Posted: 1:35 am EDT
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Excerpt from D/Secretary Antony J. Blinken on “American Diplomacy: Preparing for the Challenges of Tomorrow,” February 2, 2016:
Every day, our team here at State works towards big goals like this that benefit from the leadership and creativity of the innovation community.
And every day, our team tackles issues at the intersection of technology and foreign policy—from modernizing arms control agreements to negotiating norms of behavior in cyberspace or outer space.
Despite this focus, we need to create more bridges that allow our diplomats to tap into the energy and ingenuity of American education, innovation, and entrepreneurship—and enable our foreign policy priorities to spark or accelerate new ideas.
Developed under Deputy Secretary Burns’ leadership, the Foreign Service Institute’s Center for the Study of the Conduct of Diplomacy is one such bridge—ensuring that we apply the lessons of the past to our conduct and actions in the future.
We are also developing a new core curriculum at FSI, to ensure that everyone starts their careers with foundational knowledge and skills relevant to this century. Through new and experiential training, we will prepare our officers to better understand unstated assumptions that shape conflict and collaboration, apply future forecasting to the geopolitical world of tomorrow, and tap into unconscious drivers of behavior that will help us effectively conduct and advance our foreign policy.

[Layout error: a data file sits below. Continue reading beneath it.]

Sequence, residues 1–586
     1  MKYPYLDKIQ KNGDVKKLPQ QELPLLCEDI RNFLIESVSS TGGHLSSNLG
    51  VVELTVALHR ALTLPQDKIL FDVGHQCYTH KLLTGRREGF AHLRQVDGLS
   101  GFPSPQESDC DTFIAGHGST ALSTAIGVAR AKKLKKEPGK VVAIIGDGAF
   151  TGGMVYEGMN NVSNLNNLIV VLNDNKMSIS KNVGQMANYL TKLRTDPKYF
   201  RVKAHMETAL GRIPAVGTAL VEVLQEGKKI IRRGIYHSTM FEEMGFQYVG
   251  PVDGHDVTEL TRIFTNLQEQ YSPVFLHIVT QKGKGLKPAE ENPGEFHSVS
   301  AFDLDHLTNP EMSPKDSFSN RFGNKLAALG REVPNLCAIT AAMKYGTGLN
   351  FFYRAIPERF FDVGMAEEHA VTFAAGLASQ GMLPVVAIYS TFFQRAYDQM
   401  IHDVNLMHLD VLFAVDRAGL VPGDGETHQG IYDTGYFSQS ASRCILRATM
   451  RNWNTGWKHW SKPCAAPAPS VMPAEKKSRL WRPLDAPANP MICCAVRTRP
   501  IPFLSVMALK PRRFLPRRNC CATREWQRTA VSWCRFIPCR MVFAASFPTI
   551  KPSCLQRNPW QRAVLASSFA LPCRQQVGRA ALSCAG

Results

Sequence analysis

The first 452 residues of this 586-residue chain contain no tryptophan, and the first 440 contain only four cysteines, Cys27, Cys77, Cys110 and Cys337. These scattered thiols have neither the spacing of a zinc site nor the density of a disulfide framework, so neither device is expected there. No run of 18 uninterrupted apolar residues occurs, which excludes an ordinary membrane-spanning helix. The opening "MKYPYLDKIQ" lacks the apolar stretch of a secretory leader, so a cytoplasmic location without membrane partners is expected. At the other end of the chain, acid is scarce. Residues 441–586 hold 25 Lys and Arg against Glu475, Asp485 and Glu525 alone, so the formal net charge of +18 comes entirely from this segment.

To help build another of these bridges, Secretary Kerry recently established the Innovation Forum in order to enable our foreign policy leaders to be able to see around the innovation corner—to ask important questions like: “What does the revolution in robotics mean for warfighting? What do advances in artificial intelligence mean for our labor markets? What does the advent of digital currency mean for the dollar?”
Read in full here.